WWW Wednesday

WWW Wednesday – September 22nd, 2021

“Hassan was deep in prayer.”

First line in The Bird King by G. Willow Wilson

Hi, guys. I hope you’re all doing well. WWW Wednesday is a weekly meme hosted by Sam @ Taking on a World of Words, and it’s meant to give you all a little insight into my reading this week. I’ll answer the 3 questions:

  • What are you currently reading?
  • What did you recently finish?
  • What do you think you’ll read next

What did you recently finish?

The Bird King by G. Willow Wilson which I gave 2 stars, and that one extra star was purely for the writing. Everything about the story itself made me want to hurl the book across the room. It was riddled with plot conveniences and that’s despite the plot not being all that complicated. The characters travel and are hunted for some unknown reason but I guess there needed to be some kind of action in an otherwise boring book.
The ending was also the weirdest thing, and I’m left with a feeling of not really knowing that the point of this book was. It’s a historical fantasy but it really didn’t do much with its historical setting or its Islamic characters. Those aspects were supposed to make this interesting but they were just there to lure you in and then they were forgotten about.

Also, I technically haven’t finished my reread of The Shamer’s Signet, but I will by the time you’re reading this. I remember now why it is my least favorite in that series. It kind of takes a detour and introduces some new characters, but it was still enjoyable enough to read.

What are you currently reading?

The Bitter Twins by Jen Williams, the sequel to The Ninth Rain, although I’m only 14% in. Not much has happened yet, so I’m just enjoying being back with the characters. There’s one I’m particularly attached to and I missed him so much! We’re also still doing world-building, so I’m getting the sense that we’ll never stop doing world-building. It’s fine. There’s a kind of scientific approach to it which is cool.

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What do you think you’ll read next?

I’m picking up two books from the library today: The King of Crows by Libba Bray and The Serpent Gift by Lene Kaaberbรธl. The Serpent Gift is the third book in The Shamer Chronicles that I’m doing a reread of, and I’m excited to see if this is still my favorite one.

7 thoughts on “WWW Wednesday – September 22nd, 2021

  1. The Bird King sounds lovely ๐Ÿคฃ I’m glad you had a few better books alongside it as well!
    Also, I read The Shamer’s Daughter over the weekend and loved it! The atmosphere of the world reminded me a bit of The Brothers Lionheart by Astrid Lindgren, so I got hit with a huge amount of childhood nostalgia ๐Ÿ˜Š But you know what I just found out – they only translated the first book into German!! ๐Ÿ˜ค๐Ÿ˜  How can you just stop translating mid-series?? My bookshelves are primarily organized by language, so if I buy the rest of the books in English, then I’ll have to split up the series! Why?? ๐Ÿ˜ซ But I also don’t want to get an English copy of the first book when I already have a German one, so it’s a true conundrum ๐Ÿ™ˆ๐Ÿ˜‚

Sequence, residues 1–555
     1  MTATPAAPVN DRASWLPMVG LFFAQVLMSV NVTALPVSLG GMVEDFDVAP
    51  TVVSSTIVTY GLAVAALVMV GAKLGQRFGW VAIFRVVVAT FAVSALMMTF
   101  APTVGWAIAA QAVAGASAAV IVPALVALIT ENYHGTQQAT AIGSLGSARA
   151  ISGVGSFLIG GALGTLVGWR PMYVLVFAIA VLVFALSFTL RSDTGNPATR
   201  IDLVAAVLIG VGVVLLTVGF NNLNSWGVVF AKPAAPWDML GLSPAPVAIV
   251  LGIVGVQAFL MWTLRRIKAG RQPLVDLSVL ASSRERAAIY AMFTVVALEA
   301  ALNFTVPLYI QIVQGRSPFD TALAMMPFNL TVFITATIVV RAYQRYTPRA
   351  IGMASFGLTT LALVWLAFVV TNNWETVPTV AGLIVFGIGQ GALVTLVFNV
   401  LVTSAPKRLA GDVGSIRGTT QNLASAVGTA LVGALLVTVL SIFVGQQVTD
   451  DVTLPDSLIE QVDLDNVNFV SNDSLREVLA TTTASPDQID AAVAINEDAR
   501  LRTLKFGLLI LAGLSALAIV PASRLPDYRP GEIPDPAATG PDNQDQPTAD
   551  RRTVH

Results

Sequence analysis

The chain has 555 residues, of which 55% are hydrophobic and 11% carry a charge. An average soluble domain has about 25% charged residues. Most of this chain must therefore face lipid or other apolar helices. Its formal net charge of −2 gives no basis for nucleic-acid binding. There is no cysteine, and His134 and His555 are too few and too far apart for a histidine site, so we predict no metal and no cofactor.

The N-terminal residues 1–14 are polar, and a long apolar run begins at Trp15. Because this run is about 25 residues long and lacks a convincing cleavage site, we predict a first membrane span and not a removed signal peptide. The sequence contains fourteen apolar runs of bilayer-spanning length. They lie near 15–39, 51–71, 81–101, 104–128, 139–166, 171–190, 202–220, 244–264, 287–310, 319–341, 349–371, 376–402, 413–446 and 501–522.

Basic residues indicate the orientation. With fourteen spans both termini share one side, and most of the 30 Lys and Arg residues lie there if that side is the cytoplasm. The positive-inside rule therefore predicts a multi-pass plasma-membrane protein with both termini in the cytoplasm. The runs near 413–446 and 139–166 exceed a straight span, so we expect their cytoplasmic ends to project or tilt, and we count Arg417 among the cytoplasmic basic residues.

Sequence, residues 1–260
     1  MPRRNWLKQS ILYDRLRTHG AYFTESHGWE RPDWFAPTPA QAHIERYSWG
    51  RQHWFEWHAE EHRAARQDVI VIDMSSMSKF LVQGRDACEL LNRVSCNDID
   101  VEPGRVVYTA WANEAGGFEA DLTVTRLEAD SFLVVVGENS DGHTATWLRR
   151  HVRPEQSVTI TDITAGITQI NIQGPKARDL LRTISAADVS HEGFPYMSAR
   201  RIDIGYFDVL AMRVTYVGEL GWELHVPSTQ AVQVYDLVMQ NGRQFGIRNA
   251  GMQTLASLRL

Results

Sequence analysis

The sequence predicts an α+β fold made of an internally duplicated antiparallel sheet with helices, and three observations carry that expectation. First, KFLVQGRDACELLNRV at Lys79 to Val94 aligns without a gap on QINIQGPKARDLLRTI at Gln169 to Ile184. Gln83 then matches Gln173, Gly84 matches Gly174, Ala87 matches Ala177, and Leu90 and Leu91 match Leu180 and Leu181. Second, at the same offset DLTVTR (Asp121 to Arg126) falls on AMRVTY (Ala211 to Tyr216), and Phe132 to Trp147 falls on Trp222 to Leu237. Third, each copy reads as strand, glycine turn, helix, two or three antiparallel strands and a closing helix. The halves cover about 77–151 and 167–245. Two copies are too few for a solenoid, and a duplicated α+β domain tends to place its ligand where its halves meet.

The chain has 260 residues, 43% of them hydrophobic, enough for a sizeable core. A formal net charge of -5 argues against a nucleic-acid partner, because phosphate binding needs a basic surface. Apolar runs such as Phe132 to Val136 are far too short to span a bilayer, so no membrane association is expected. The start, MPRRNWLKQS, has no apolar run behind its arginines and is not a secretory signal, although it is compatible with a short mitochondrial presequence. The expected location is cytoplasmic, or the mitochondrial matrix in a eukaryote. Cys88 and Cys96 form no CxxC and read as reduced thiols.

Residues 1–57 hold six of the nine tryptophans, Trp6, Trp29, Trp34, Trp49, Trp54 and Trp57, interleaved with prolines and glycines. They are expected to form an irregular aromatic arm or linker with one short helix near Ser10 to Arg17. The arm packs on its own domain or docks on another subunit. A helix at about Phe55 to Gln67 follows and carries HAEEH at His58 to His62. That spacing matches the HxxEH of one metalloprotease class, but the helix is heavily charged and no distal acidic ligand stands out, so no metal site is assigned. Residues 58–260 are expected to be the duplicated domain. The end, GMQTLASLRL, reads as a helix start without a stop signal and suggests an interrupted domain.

Liked by 1 person

    1. What? You don’t want to read The Bird King? I’m so surprised! ๐Ÿ˜‚
      But you reading and loving The Shamer’s Daughter just made my day! ๐Ÿค— I haven’t read Lionheart in its entirety so I don’t know how much they compare but it doesn’t surprise me if Kaaberbรธl was inspired by Lindgren. I’m sorry you can’t continue with them in German, though. Danish translators also just stop mid-series sometimes, so I’m glad I’m not counting on them for anything ๐Ÿ˜… But I see you have a tough decision to make! I hope you get to read the rest of them even if it is in English.

      Liked by 1 person

      1. Funnily enough, I don’t think The Brothers Lionheart and The Shamer’s Daughter compare much plotwise, but it’s just something about the writing in general, and the way the world is described ๐Ÿฅฐ It was just so easy to get lost in the story! So yes, I’ll definitely be reading the next books, even if it has to be in English – then I can also start comparing translations, at least ๐Ÿ˜ The German one was actually really good, only sometimes it would have these weird spontaneous switches from standard German to more colloquial phrases where I kept wondering whether it was intentional or a slip-up on the translator’s part ๐Ÿค” However, university may have just damaged me into overthinking that kind of stuff ๐Ÿคฃ

        Liked by 1 person

      2. I know by now that German translators like to be very creative with their translations so I’d be very curious to know if you notice any outrageous changes by reading the rest in English ๐Ÿ˜„ I’ve definitely found that I already have enough for a Lost in Translation post but I want to read the entire series first to see how much there is. University has definitely damaged me into overthinking too ๐Ÿ˜‰

        Liked by 1 person

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